The best of Macross – Part 1
For all its quirks and eccentricities, Macross at its core is the living embodiment of the idiom ‘The whole is greater than the sum of its parts’. While it would be easy to dismiss Macross Delta’s obvious spiral into pastel coloured ‘magic girl’ territory as a stain on the franchise’s stature, in reality it actually makes Macross a more loveable entity.
Sure, there are a few things to cringe about in some parts of Macross, particularly Macross Delta or Macross 7, but its ‘whole’ remains untainted by the individual components that make up its ‘parts’.
Macross is just, well, magical. It’s like Shōji Kawamori cracked the locks on the briefcase in Pulp Fiction and distributed its contents over the nearest piece of paper within throwing distance. The result? A deeply rich universe that blends music, complex characters, drama and amazing mecha into a singular Elizabethan inspired space opera.
My hope for this article is to show the world the best of the best, the finest elements of one of the most endearing science-fiction franchises ever conceived. Of course, these are just the opinions of a frumpy, rapidly ageing opinionated nerd and all discussion is welcome.
And openly encouraged.
So, here is the best of Macross.
Seventh Moon (Macross 7)
With animation that outshines the quality of the actual series that follows it, the Macross 7 opening theme and visuals are unmistakably awesome.
Now, if only Macross 7 as a whole was as good as its opening theme.
Honorable mention: Macross Frontier (Triangular)
VF-25F Messiah (Macross Frontier)
While a choice that would definitely enrage a lot of people, there are lots of reasons to crown the VF-25 as the best of the best. Taking away its completely fictitious operating specs, we can really only judge a Valkyrie on aesthetics alone.
It’s a clear departure from the modernized VF-19 and VF-11 aircraft that dominated Macross Plus and Macross 7, but it still retains the heart and soul of the original SDFM VF series, an important element in the 25th anniversary re-launch of the franchise.
It stands as a middle ground between the fundamental 80’s simplicity of the VF-1S and the hyper stylized excessiveness of the VF-27 or SV-51. In all, it just, ‘feels’ like a real aircraft. If a VF-25 variant was slowly rolled out of a Lockheed Martin aircraft hanger, I doubt very few heads would explode trying to wrap themselves around its otherworldly design.
Lastly, the VF-25 is to Macross Frontier as the VF-1A is to the original series – it is a character unto itself. The VF-1 series was the heart and soul of Super Dimension Fortress Macross, it is, along with Minmay, pop songs and a heartbreakingly wonderful love triangle, the core of everything Macross. It’s an element that seems forgotten in series such as Delta or Macross II. Delta’s VF-31 is completely interchangeable and doesn’t serve as an important protagonist, merely a tool or device. The VF-25 MAKES Frontier a much more palatable world – it’s not only the defining weapon that skirts the razor’s edge between Vajra victory and defeat, it’s also Alto’s escape from his flightless and skyless existence.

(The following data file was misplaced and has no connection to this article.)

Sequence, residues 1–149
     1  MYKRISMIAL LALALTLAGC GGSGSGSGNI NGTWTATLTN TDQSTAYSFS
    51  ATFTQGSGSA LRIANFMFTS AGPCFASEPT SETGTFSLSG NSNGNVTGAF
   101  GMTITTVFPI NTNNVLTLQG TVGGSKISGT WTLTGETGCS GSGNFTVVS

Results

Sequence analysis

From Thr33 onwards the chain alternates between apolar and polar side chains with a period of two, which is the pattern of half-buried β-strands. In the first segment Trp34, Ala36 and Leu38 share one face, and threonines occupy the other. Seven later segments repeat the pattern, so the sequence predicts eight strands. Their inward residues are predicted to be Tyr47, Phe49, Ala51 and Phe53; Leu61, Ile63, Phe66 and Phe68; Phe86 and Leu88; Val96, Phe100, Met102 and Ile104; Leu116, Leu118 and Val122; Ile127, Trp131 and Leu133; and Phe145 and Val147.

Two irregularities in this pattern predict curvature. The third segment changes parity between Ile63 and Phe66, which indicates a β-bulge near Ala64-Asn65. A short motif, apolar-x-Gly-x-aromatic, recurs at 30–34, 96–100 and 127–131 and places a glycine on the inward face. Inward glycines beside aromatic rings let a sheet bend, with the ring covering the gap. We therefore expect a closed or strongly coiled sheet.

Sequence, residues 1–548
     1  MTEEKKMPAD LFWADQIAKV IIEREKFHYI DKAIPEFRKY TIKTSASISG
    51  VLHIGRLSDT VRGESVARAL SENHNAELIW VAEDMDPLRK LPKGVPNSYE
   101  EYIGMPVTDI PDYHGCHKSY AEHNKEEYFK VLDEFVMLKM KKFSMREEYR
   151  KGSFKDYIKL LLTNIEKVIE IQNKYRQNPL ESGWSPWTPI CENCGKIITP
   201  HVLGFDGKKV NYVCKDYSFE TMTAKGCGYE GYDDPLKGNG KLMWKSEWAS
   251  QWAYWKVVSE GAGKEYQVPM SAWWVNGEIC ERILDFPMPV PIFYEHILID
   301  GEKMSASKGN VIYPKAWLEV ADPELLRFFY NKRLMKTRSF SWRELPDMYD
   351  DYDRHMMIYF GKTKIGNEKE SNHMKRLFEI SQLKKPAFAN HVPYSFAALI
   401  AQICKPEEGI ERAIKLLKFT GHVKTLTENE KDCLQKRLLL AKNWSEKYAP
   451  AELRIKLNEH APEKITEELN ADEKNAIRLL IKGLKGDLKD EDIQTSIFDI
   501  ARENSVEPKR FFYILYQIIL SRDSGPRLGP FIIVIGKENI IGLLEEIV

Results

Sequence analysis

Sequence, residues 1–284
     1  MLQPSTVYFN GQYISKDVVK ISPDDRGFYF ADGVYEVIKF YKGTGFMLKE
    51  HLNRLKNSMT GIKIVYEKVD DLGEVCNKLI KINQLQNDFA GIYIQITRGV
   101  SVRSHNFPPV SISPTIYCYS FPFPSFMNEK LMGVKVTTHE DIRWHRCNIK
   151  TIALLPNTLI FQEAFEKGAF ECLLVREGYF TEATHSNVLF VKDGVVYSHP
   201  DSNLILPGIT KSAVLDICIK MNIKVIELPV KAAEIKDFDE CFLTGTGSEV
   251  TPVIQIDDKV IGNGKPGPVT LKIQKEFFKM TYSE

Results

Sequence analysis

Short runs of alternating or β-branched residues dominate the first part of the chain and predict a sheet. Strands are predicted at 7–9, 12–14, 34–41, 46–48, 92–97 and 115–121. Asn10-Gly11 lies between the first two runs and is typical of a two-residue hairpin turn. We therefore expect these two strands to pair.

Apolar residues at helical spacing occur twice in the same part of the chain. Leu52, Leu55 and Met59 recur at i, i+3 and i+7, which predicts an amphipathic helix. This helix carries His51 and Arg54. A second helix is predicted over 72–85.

Honorable mention: VF-19
Ai oboete imasu ka (Macross: DYRL)
It’s hard to find a song that represents an entire anime franchise the same way that Mari Iijima’s Do you remember love represents Macross. Not only was it an epoch making ending to the story of the feature film DYRL, it also resonated so perfectly with tone of the narrative.
Minmay, heartbroken over losing the love of her life to another woman, channels every ounce of her sadness into singing a song that ultimately would save humanity from extinction. The victory over Boddole Zer’s fleet was perhaps the most important moment in the entire Macross timeline.
That moment, and this song, is the anchor that the rest of Macross universe is weighted to. There will be a million Walkure’s, Ranke Lee’s and Sheryl Nome’s scattered over a million iterations of future Macross series, but this song will always and forever roost over them all.
Honorable mention: Northern Cross (Macross Frontier)
Ranka Lee (Megumi Nakajima - Macross Frontier)
It’s easy to throw Minmay’s name in the ring for this title, but Minmay’s story arc doesn’t feel as tinged with tragedy or desperation as Ranka Lee’s. While clearly designed as a 25th anniversary modernization of Minmay’s character, Megumi Nakajima’s spin on the role is so unmistakably unique it’s hard to think of a more deserving singer.